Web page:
Tom Bedell has more on beer (and golf) at his website.
Originally published in The Commons issue #181 (Wednesday, December 5, 2012).
WILLIAMSVILLE—It might have been more than 20 years ago at some Midwest outpost we’d journeyed to that Stephen Beaumont and I idly speculated on who might eventually succeed the bard of beer, Michael Jackson.
The British writer strode like a colossus over the world of beer journalism, having pretty much invented the discipline in the first place. The rest of us were pedaling furiously just to stay far behind.
Still, I think I put my money on Steve anyway. The young Canadian clearly had a passion for beer, an ambition to make writing about it his life’s work, and the drive to succeed by, for example, rigorously training his palate to be able to discern all sorts of flavors.
I’m sure neither of us expected Jackson to pass away as young (65) and unexpectedly as he did in 2007. But Beaumont hadn’t let any grass grow under his feet anyway, authoring seven books on (mainly) beer and involving himself in various aspects of the drinks industry.
Likewise, across the pond, Tim Webb was establishing himself as one of Britain’s most accomplished beer writers, specializing in Belgian beers through eight editions of the Good Beer Guide Belgium and taking a leading role in CAMRA (Campaign for Real Ale).
While I’ve had more than a few pints with Steve through the years at various points along the beer trail, I’ve never hoisted one with Tim, at least as far as I know or remember.
But good on the pair of them anyway, for co-authoring The World Atlas of Beer: The Essential Guide to Beers of the World (Sterling Epicure, 2012, $30), published this fall.
The pair acknowledges the debt to Jackson, and indeed the new book is very much modeled on his pioneering 1977 opus The World Guide to Beer.
That’s not a bad thing, because there’s something here for everyone, from beer novice to jaded expert. There are preliminary chapters that dutifully go through the basics of what beer is, its origins, various ingredients, how it’s made.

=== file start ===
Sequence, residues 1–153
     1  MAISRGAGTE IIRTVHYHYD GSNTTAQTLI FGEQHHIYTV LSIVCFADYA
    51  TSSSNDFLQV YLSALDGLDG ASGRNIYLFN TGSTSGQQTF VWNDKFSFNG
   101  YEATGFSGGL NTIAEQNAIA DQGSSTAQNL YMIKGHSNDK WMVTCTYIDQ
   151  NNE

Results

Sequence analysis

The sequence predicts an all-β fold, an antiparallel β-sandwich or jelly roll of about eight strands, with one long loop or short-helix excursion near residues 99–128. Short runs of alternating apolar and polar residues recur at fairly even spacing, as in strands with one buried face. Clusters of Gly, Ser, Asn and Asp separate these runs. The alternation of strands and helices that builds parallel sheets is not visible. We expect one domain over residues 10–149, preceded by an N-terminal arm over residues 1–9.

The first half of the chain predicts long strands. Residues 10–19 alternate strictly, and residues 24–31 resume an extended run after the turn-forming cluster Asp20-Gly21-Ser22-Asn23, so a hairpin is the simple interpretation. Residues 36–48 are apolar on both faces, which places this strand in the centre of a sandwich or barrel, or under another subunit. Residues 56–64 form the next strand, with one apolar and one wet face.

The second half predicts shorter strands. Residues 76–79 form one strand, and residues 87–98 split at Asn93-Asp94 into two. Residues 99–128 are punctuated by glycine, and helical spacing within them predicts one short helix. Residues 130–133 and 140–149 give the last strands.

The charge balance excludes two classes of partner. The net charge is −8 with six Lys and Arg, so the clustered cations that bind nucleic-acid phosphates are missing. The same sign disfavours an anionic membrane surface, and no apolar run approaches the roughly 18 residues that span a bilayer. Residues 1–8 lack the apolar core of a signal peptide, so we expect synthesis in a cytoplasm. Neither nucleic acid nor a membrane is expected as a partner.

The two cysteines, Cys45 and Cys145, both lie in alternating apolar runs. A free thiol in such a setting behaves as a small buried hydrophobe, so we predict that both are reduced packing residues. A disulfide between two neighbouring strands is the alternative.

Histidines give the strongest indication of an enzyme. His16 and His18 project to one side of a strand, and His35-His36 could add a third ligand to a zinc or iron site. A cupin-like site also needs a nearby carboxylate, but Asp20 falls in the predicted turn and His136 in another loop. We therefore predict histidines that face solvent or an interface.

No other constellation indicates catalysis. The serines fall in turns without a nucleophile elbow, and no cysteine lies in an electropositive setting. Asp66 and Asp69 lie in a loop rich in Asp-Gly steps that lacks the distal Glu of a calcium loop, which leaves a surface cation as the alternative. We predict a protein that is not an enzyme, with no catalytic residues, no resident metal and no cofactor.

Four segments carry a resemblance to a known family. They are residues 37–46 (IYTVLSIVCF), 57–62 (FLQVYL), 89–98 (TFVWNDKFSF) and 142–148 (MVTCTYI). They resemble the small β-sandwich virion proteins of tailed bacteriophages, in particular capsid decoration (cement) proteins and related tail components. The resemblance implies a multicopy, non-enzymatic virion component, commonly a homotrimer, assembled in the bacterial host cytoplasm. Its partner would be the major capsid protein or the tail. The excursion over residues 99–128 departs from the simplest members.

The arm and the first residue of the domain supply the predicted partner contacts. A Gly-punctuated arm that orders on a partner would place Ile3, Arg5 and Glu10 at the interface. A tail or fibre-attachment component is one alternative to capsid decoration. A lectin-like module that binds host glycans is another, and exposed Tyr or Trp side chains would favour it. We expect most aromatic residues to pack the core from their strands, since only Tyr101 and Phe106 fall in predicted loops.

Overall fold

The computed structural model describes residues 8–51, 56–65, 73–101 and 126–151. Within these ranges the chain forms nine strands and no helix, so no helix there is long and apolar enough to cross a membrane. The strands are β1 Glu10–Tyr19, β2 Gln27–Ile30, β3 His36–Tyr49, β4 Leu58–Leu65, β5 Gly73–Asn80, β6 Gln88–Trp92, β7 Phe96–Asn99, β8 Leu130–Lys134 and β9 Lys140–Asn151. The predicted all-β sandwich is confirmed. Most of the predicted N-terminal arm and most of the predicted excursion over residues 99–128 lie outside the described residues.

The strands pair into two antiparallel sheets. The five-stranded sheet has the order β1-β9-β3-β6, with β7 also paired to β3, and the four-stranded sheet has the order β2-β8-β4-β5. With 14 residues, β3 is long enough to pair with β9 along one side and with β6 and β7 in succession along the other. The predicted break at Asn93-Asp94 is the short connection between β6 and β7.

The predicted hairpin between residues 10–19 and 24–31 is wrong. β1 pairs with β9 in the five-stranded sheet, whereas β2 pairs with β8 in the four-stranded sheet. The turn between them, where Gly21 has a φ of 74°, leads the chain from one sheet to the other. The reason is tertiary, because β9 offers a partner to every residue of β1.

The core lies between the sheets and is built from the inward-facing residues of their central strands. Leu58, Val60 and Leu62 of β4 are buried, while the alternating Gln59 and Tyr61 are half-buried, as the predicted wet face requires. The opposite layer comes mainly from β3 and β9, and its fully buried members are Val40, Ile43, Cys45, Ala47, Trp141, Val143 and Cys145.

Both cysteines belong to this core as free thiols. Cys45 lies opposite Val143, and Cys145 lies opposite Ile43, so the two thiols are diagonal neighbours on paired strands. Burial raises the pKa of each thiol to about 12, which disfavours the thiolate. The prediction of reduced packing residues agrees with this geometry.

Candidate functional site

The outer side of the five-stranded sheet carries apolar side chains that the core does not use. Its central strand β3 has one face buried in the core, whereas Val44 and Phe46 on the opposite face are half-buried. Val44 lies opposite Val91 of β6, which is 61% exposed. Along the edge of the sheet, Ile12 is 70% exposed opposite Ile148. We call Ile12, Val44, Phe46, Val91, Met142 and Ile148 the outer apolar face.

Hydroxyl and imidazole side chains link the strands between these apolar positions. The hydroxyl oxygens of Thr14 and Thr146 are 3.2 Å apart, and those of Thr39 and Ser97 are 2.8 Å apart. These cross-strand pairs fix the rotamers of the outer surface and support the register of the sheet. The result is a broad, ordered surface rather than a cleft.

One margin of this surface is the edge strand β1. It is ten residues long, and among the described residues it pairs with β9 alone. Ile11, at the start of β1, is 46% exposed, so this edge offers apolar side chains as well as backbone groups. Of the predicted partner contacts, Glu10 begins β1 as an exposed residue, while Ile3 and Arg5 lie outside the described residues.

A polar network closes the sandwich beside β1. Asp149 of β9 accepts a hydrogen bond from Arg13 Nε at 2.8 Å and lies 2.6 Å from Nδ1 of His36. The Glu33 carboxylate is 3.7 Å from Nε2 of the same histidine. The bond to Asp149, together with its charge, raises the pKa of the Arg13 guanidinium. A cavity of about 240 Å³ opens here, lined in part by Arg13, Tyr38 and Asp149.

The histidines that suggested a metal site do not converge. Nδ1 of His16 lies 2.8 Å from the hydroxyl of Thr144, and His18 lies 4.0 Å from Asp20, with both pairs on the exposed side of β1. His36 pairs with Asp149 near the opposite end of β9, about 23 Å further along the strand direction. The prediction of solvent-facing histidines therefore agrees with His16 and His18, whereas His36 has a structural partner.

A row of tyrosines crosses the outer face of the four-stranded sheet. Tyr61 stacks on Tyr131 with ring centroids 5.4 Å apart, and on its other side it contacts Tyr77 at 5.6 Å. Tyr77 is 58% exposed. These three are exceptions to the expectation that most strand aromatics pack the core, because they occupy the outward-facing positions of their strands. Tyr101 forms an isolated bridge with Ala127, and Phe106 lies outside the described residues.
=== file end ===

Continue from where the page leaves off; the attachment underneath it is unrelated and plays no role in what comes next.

But the book expands on Jackson’s work in discussing beer and food affinities, and Steve and Tim ponder the beverage in terms of buying, storing, serving, pouring, and tasting.
* * *
The regional chapters make up the heart of the volume, surveying the brewing scene in traditional brewing countries like Belgium, the Czech Republic, Germany, Great Britain, and Ireland, and showing how the craft brewing movement has erupted from the Americas and now reaches into virtually every corner of earth.
The authors estimate that in the 21st century there will be 10,000 breweries worldwide producing some 60,000 regularly produced beers (which basically means I’ll never catch up).
Indeed, that’s one of the distinctions between the old and new guides.
As Webb notes in a preface, Jackson’s book was describing a world of beer that was at a low ebb — when many regional styles and specialties were on the brink of extinction or already into the abyss. It was a world of consolidation and contraction, with one type of beer — watery, pale yellow lager — having flooded the marketplace.
Jackson’s work was a major finger in the dike.
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